Psyche's Descent into the Underworld: The Transcending Pattern in Myth and Literature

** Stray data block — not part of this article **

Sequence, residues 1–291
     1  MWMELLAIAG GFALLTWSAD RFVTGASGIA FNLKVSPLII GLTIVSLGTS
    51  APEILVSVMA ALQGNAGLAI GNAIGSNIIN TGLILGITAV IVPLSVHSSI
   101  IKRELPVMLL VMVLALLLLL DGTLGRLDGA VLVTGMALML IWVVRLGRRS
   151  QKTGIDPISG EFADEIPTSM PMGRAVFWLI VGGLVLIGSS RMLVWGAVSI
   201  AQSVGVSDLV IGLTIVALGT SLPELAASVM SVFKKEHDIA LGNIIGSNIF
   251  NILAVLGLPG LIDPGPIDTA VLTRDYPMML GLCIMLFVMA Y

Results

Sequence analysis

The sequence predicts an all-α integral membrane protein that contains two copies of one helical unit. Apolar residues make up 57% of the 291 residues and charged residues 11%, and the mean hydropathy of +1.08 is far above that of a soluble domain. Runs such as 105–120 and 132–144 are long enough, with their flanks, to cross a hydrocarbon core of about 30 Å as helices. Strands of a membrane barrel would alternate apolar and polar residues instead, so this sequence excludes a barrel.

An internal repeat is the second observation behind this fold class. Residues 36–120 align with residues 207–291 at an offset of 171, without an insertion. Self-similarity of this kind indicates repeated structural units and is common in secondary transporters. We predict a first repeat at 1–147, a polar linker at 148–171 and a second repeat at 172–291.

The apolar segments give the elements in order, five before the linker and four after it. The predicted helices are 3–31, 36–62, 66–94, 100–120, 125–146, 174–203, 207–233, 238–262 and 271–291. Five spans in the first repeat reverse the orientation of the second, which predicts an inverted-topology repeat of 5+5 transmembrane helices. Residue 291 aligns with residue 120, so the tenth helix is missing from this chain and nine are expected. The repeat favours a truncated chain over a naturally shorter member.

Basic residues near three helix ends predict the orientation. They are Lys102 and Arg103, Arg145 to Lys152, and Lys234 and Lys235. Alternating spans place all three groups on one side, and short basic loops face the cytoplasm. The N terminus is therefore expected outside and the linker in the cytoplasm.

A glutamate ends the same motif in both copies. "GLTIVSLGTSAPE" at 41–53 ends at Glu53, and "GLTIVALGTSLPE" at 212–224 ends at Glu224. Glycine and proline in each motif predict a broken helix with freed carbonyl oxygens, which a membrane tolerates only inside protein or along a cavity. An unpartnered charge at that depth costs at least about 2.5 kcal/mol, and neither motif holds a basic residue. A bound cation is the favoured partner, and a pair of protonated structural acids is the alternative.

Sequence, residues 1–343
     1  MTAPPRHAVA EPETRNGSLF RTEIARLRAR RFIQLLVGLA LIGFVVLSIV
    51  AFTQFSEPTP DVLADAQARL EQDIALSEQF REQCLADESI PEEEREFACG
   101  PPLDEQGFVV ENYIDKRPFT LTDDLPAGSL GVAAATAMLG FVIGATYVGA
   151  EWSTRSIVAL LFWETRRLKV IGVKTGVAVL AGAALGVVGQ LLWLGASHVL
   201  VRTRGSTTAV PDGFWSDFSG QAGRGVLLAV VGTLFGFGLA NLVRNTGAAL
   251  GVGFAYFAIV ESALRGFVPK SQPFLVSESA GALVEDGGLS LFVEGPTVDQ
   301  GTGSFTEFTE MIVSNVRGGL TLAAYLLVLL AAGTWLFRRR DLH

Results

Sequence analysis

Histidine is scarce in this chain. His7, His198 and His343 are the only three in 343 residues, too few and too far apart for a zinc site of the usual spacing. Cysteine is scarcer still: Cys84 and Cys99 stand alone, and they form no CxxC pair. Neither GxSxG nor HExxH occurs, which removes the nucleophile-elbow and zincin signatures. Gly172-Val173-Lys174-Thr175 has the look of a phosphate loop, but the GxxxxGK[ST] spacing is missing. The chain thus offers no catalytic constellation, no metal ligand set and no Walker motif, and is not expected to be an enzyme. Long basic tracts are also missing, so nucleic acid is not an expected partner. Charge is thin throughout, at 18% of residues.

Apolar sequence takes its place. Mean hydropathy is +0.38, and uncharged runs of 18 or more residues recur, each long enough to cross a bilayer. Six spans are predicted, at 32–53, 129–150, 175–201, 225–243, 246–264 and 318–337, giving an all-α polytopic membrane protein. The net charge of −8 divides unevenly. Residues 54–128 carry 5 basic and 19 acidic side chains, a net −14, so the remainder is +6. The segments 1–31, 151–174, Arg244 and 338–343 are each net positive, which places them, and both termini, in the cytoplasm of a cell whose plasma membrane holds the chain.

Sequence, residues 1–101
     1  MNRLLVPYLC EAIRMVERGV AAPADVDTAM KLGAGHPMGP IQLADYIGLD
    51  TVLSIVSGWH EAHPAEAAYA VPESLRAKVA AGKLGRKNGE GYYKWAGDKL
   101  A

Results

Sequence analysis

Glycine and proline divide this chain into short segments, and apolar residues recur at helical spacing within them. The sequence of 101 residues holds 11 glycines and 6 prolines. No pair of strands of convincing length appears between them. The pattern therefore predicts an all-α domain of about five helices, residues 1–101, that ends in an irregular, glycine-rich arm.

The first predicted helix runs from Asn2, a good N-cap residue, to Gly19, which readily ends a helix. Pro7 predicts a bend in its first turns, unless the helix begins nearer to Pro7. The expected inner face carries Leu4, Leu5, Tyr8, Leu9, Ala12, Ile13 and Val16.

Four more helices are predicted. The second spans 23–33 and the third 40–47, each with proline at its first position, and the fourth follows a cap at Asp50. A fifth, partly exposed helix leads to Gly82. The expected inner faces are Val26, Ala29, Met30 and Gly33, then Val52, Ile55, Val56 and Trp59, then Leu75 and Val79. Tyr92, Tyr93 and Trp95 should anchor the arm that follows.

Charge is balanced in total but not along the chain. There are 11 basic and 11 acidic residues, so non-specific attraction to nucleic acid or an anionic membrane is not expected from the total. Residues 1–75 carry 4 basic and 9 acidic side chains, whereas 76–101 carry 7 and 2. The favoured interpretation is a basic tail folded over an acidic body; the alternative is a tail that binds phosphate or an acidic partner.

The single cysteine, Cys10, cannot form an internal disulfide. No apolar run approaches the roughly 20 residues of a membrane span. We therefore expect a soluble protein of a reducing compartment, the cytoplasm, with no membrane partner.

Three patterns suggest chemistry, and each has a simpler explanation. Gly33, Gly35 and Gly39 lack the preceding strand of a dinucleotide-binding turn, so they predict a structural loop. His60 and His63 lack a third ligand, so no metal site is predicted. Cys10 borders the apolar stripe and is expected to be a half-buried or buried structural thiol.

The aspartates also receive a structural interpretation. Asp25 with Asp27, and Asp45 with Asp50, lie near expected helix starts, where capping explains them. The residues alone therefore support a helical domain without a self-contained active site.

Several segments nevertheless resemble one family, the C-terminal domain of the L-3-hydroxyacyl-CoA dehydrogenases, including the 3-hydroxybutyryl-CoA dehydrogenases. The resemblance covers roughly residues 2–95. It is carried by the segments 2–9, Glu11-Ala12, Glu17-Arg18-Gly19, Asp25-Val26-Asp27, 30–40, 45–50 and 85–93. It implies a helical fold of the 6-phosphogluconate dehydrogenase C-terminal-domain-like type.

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The myth of Cupid and Psyche first appears in the Latin novel of Apuleius entitled the Metamorphoses or Golden Ass. Its wide influence may be due, in part, to the archetypal significance and power of the myth, especially of its central event, Psyche's katabasis or descent into the underworld. Apuleius can be credited with creating both the tale and the unique novel that frames it, as well as explicitly connecting the two parts into one carefully integrated whole. Chapters I through IV of this study examine Apuleius' synthesis of his philosophical, literary, and folk-tale sources into one novel with this Neoplatonic myth at its core. The myth is seen to function as the keystone and symbolic heart of the work. Psyche's descent into the underworld, her subsequent reunion with her divine husband, her apotheosis, and the birth of her daughter Bliss set the pattern for the spiritual quest of Lucius, the novel's hero. Parallel to Psyche's descent and return are Lucius' seaside vision of the goddess Isis and his subsequent spiritual rebirth. Parallel to Psyche's elevation to Mt. Olympus and attainment of immortal status are Lucius' initiations into the Isiac mysteries with their promise of long life and eternal bliss in the Elysian Fields. Psyche's katabasis is clearly a metaphor for the soul's descent inwards to a source of power that confers knowledge and immortality. The wide influence of the Psyche myth throughout Western literature may thus be due to its most universal spiritual meaning. The second part of this study begins with an analysis of the spiritual descent and rebirth pattern in myth, ritual, and psychology. Based on psychophysiological research on the Transcendental Meditation technique a model of a "transcending" pattern is proposed for understanding these events as they occur in imaginative literature. The transcending model contains three stages: 1) a naturally increasing quiescence of mind and physiology, which is expressed metaphorically as a dive or descent; 2) a noetic and ineffable experience of the inner self, which may be suggested by images of an unbounded and eternal sense of being; and 3) a blissful return to activity with a more integrated, holistic psyche. Six modern novels which consciously retell the Psyche narrative are then examined in the light of this transcending model. They are: Walter Pater's Marius the Epicurean, Odessa Strickland Payne's Psyche, Pierre Louys's Psyche, Jules Romains's Psyche trilogy, C. S. Lewis's Till Have Faces, and Francois des Ligneris's Psyche 58. The novels consistently appear to treat the katabasis event as a transcending to subtler levels of the inner self which is important to the spiritual development of the protagonist. In addition, Erich Neumann's analysis of the myth as an archetype for specifically feminine development is examined along with other views of the feminine quest. It is found that the literature of the feminine quest also conforms to and is illuminated by the transcending model. The study concludes by applying the transcending model to several modern novels not consciously related to the Psyche tradition. The model is found to be useful in understanding the metaphoric dives and descents of each protagonist, the basic structure of the narrative, and even of the creative process itself. Thus the transcending model proves to be a powerful technique for analyzing the form and content of literature as well as its effects upon the reader.